Overall, Children of Blood and Bone is the type of book for people who enjoy series such as Harry Potter,Percy Jackson, or other books with magic in them because this book is a fantasy book at its core even with its very real and harsh themes. This is a perfect book for people who want to read a book that isn’t completely whimsical and has some roots in reality. To summarise, this book is a good book for people who enjoy fantasy books with a little bit of reality incorporated in it. I’d give this book a 10/10 just because I like it so much.

If you’re looking for more books to read, here are some recommendations:

- American Gods by Neil Gaiman: This book follows the story of a man named Shadow, who after the death of his wife, is left dealing with an identity crisis caused by being hired by a mysterious man who goes by the name Mr. Wednesday.

- The Silent Patient by Alex Michaelides: This book is about a psychotherapist who tries to uncover why a woman murdered her husband.

- The Lost Hero by Rick Riordan: This is the first book in the Heroes of Olympus series, and I recommend that you read this after reading the PJO series since you won’t understand anything if you don’t. This book is a continuation in the Percy Jackson timeline and it’s about the adventures of three new characters in the series who are trying to find the lost hero. The series as a whole is based on Greek and Roman mythology, Roman mythology being the new concepts in the series.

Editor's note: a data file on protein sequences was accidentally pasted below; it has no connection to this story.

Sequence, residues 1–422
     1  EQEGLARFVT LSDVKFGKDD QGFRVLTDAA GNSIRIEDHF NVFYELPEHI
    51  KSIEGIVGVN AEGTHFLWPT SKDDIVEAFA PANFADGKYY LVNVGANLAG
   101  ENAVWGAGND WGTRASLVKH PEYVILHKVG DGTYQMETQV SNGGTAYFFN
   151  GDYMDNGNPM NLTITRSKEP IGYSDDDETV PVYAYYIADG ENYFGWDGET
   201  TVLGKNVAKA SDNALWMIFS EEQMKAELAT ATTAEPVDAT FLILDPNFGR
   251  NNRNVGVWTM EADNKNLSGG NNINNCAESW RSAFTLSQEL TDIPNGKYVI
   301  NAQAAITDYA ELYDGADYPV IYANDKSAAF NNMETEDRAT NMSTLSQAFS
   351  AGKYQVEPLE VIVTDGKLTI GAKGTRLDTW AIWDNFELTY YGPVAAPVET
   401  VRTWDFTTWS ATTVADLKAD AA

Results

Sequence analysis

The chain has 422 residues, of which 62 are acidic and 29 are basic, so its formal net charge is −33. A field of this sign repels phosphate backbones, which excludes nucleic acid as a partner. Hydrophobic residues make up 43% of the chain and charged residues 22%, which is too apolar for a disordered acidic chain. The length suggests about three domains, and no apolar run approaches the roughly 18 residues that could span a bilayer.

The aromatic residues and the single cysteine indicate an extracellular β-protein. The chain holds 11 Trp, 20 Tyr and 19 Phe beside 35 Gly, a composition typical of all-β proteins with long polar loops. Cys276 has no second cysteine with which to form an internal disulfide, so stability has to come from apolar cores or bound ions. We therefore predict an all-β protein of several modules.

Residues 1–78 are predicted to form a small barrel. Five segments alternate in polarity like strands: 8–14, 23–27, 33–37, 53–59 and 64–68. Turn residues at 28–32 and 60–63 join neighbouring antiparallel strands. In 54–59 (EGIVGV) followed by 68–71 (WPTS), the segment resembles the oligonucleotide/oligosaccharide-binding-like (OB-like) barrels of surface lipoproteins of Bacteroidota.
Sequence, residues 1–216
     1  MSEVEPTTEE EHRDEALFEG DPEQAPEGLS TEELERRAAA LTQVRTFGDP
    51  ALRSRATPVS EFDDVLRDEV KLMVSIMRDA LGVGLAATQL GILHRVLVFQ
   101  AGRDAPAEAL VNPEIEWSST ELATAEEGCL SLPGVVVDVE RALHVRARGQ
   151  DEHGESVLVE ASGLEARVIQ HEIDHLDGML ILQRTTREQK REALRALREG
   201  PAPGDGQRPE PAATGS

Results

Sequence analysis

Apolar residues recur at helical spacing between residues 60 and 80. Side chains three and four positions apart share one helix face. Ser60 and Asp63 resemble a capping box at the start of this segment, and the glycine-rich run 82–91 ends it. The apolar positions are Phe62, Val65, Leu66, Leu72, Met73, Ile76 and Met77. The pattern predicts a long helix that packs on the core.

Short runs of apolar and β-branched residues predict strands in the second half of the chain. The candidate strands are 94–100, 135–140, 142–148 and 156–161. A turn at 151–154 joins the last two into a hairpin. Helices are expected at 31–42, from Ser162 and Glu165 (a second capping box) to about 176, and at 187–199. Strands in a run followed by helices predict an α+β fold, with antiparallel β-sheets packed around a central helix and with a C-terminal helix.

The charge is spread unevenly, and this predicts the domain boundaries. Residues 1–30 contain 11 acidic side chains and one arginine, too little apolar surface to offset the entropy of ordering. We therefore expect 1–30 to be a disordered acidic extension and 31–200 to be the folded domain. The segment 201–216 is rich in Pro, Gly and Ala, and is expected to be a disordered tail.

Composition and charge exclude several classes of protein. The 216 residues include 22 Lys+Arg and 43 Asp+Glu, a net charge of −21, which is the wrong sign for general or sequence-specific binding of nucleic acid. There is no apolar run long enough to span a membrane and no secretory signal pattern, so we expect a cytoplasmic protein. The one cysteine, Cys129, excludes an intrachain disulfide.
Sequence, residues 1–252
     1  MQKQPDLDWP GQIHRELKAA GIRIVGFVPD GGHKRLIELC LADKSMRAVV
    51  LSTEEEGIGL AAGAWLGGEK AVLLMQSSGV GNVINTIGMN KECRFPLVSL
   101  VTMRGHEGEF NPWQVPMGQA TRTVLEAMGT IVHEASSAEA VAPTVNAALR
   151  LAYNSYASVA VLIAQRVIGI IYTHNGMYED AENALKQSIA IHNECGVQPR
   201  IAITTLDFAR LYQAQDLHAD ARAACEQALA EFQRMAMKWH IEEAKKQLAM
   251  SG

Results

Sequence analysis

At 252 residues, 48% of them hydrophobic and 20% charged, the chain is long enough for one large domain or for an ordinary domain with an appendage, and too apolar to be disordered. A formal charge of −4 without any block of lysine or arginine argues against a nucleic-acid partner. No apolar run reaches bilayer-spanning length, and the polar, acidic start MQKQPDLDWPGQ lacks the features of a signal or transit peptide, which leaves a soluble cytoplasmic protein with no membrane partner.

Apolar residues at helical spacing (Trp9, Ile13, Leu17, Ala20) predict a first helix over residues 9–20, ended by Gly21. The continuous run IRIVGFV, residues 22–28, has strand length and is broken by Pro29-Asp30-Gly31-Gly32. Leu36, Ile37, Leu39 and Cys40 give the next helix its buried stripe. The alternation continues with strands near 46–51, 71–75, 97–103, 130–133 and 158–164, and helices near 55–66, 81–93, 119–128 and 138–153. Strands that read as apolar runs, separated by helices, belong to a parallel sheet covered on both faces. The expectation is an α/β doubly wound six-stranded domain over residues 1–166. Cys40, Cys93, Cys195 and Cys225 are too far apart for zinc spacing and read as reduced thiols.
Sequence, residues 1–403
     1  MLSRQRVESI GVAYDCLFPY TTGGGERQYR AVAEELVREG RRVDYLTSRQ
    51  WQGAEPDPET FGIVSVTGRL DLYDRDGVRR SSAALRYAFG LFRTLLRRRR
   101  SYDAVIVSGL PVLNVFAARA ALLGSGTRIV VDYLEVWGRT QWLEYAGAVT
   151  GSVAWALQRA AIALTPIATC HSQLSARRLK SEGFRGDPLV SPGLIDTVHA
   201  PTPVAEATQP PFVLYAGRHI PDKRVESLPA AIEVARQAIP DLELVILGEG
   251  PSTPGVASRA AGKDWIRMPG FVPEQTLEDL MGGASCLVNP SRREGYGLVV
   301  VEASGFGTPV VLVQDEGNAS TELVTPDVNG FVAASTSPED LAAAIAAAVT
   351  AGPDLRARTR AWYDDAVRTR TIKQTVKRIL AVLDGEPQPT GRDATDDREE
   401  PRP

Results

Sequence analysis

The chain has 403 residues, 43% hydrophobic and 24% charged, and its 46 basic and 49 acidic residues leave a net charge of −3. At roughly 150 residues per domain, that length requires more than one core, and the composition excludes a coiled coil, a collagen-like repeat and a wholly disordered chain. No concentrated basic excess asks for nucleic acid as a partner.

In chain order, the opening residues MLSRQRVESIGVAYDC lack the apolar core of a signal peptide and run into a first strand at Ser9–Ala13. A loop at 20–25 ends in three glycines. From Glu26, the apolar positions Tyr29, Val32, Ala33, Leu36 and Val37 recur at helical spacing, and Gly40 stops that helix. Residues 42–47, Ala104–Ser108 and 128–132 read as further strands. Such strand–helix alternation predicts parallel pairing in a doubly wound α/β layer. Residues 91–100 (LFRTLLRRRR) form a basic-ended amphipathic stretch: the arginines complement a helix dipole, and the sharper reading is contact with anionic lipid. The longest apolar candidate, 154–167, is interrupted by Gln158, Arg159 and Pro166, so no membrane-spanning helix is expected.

- The Red Pyramid by Rick Riordan: This is the first book in the Kane Chronicles trilogy (my favorite Rick Riordan series, so I’m a bit biased). It’s about two siblings named Carter and Sadie Kane who are learn about their family’s past and the circumstances of their mother’s death, and are thus roped into a journey that brings them closer to the truth about their family and their links to a secret order that has been around since the times of Ancient Egypt. This trilogy is based on Egyptian mythology.

- Clockwork Angel by Cassandra Clare: This is the first book in the Infernal Devices trilogy, and serves as a prelude to the Shadowhunters series. It follows the story of a girl named Tessa who is introduced to the supernatural world of the Shadowhunters following the death of her aunt and her brothers’ disappearance. She is roped into a world in which she cannot escape.